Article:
Clare Rayner's top tips for retailers in 2013

By: Guest contributor

Date: 11 March 2013

1. Focus on who your ideal customer is - those who are loyal and high spending - and make sure that everything you do is with your customer in mind.

2. Focus on cost cutting. Remember the old saying: "Look after the pennies and the pounds will look after themselves." There are services to make this easier for you that don't cost a thing - check out Make It Cheaper for instance, which could enable you to make savings on your utilities.

3. Focus on your product, pricing and promotions - think about that ideal customer; make sure everything you present to them is aligned to their needs and wants and is clearly priced. Run engaging promotions that increase sales, don't drain margin and don't devalue the brand.

4. Make sure you are online. You don't need to be trading online (but it helps) but you do need to be findable. Spend some time to ensure you can be found for what you offer in your area. Make sure you add your business to Google places and as many free directories as you can. When people search for [category] in [Town] you want to be on page one! Add your business to

5. Make sure you get social - retailers are using tools such as Facebook, Twitter, Pinterest, YouTube and blogs to stay in contact with customers. If you're not yet familiar with using social media then chose just one and learn how to use it. You'll soon find your feet, but if you do need a bit of help getting started, there is a free downloadable 'how-to' guide available at

Many small retailers start life as a hobby or project alongside full-time work; when is the right time to take the leap and make it a full-time occupation?

Clare replies: “Many people start retailing almost as a sideline and discover that it's consuming more and more of their time. Of course, if you're running a business alongside a full-time job you'll be getting income from both. Making the leap to being a full-time business owner - moving from employment to entrepreneurship - is never easy and only you will know when the time is right. Assess what income you need and how you'll achieve it and make sure you have the financial buffer to cover the transition. It's often valuable to join a local networking group to meet other local business people. You'll meet people who are in the position you'll be in when you make that leap and you may get a great deal of advice and support from the network as well.”

Is there enough support for small businesses from the government and banks at the moment?

Clare replies: “One of my greatest frustrations is the amount of money that seems to be thrown at start-ups and schemes to support start-ups but how little there is to help established businesses to keep going. I work with a privately funded organisation, Enterprise Rockers, and their mission is to support micro businesses (ie those with fewer than ten employees) to keep going once the honeymoon phase of start-up has passed. There is almost no support for established businesses from the government, and their stance on business rates for retailers in particular (of any size) is crippling. Banks are getting better; the anecdotal feedback I've had is variable - it seems that the success rate with banks has more to do with the business owner's relationship with their local business banking manager than it has to do with any specific bank or banking policy.”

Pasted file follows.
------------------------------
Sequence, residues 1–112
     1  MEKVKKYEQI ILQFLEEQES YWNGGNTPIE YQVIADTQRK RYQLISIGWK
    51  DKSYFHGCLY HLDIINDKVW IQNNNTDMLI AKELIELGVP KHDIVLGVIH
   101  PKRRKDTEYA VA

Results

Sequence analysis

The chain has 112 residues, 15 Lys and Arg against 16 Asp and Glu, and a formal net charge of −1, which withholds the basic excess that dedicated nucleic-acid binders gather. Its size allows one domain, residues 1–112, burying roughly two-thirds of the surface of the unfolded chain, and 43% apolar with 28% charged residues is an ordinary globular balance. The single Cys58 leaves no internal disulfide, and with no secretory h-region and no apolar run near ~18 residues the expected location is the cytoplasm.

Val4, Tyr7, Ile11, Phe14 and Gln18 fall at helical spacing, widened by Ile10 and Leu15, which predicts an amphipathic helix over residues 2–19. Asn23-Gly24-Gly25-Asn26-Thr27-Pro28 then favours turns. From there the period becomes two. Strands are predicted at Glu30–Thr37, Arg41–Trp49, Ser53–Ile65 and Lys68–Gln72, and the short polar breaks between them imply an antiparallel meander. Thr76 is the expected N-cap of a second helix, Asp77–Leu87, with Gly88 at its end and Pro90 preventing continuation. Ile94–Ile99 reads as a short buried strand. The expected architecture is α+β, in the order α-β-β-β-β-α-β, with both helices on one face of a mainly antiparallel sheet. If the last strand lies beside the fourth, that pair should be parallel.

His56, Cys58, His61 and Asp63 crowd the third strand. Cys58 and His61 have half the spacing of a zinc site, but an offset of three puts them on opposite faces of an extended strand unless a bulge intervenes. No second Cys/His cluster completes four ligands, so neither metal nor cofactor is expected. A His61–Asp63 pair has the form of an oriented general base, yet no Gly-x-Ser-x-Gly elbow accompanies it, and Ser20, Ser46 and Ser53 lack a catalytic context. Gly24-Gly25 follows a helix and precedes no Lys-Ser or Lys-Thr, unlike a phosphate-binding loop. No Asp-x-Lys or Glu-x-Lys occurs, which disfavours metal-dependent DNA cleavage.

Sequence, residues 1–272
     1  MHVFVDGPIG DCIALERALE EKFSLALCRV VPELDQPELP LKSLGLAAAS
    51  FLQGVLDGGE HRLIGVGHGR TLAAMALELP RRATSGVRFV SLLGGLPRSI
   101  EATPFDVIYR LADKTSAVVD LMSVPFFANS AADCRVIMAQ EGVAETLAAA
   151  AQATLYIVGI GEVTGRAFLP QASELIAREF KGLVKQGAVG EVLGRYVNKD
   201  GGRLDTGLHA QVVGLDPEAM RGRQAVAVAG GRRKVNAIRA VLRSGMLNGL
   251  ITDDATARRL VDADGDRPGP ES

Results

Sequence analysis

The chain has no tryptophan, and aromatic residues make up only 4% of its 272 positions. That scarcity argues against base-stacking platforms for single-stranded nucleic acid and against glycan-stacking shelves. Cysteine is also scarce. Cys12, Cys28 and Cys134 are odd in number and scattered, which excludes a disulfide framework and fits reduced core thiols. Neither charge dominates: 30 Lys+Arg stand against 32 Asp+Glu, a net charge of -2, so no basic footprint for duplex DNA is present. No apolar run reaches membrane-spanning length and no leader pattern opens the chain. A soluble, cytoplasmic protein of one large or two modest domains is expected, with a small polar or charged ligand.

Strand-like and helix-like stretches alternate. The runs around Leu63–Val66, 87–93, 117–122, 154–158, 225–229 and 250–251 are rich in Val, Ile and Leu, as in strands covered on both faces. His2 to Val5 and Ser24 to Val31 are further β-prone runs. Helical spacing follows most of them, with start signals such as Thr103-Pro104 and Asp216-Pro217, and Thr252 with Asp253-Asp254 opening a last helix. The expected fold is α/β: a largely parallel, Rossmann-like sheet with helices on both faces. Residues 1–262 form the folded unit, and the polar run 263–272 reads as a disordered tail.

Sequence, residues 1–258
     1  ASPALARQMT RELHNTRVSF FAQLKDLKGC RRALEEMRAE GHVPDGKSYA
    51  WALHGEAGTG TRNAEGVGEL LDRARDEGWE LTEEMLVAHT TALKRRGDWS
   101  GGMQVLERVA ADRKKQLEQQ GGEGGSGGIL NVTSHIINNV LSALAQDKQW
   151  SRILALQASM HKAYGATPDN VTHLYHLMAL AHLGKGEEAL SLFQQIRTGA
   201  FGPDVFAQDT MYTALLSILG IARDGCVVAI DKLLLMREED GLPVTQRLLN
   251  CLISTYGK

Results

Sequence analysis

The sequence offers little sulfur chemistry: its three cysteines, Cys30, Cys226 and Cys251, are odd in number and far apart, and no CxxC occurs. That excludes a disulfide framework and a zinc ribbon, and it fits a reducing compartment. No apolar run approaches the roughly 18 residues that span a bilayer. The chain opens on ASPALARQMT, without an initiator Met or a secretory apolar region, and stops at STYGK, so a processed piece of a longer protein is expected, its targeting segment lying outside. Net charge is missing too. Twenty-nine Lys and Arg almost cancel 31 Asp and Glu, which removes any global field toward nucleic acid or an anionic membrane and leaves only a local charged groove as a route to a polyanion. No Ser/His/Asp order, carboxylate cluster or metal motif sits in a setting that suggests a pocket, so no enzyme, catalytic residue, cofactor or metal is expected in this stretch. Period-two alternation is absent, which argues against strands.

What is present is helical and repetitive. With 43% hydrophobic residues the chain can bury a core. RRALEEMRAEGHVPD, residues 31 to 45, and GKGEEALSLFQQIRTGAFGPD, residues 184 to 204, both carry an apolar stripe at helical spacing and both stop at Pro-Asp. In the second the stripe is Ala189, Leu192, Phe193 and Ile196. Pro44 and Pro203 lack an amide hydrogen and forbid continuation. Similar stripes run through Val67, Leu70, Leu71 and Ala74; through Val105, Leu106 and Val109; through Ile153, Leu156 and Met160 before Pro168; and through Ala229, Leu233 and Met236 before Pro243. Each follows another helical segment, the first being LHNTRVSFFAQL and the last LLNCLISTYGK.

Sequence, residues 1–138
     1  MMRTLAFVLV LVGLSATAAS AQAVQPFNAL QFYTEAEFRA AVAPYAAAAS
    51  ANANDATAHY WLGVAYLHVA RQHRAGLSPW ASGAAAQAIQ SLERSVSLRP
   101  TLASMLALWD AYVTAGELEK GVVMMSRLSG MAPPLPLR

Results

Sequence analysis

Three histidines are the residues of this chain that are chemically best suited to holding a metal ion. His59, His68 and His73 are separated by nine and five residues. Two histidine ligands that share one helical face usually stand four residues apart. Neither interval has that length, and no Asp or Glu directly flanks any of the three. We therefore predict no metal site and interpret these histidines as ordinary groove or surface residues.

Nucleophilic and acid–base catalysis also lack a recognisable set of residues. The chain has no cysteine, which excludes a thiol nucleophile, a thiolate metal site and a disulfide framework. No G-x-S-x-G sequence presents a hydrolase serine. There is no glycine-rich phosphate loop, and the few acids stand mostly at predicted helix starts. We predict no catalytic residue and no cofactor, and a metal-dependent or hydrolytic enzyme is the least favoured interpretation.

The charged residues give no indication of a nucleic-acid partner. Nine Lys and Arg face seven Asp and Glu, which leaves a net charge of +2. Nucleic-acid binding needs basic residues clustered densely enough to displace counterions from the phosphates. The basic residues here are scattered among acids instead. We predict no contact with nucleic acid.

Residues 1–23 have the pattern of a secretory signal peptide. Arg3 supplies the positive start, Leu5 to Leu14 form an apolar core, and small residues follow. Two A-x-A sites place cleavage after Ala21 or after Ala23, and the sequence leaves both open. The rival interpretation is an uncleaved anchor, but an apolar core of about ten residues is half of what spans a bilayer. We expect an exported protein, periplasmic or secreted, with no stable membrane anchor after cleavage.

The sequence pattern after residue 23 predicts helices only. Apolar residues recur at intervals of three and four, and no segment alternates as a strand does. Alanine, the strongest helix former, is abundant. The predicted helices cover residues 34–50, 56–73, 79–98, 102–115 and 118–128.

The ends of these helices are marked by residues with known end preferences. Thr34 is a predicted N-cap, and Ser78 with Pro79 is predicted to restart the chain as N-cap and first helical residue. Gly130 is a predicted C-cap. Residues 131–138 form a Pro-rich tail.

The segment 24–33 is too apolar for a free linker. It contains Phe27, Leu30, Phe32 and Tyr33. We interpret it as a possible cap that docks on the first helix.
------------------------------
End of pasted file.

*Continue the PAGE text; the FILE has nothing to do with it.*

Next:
On the whole, how would you rate the UK in terms of entrepreneurial spirit and achievement?

Clare replies: “I think the UK has huge entrepreneurial spirit and achieves an enormous amount. It's sad that much of the media focus is on super-star entrepreneurs like the BBC Dragons and not on the real-life entrepreneurs. The Federation of Small Businesses (FSB) has a campaign called Real-Life Entrepreneurs, and I've agreed to champion that for them. This is all about recognising the micro businesses that work hard to support themselves and perhaps a couple of employees, who earn a reasonable living and enjoy a reasonable life.

“These real-life entrepreneurs won't make millions overnight; they won't be bought out by mega brands and they don't need investors to accelerate their growth. They're like the vast majority of entrepreneurs: people enjoying what they do and making a decent living. It's important to celebrate these people and recognise their achievements - the thousands of plumbers, decorators, designers and web developers who work freelance are probably more valuable to the UK economy than one of the celebrity entrepreneurs! It's important that we acknowledge that when talking about the mix of UK small businesses.”

Clare is well known by most independent retailers as a 'voice of the industry'. With years of experience creating awareness for our high street shops, retailers and traders she is one of the most trusted experts in the UK. To read more advice for her visit

This article first appeared on the Towergate Insurance website and was written by Jonathan Falgate.

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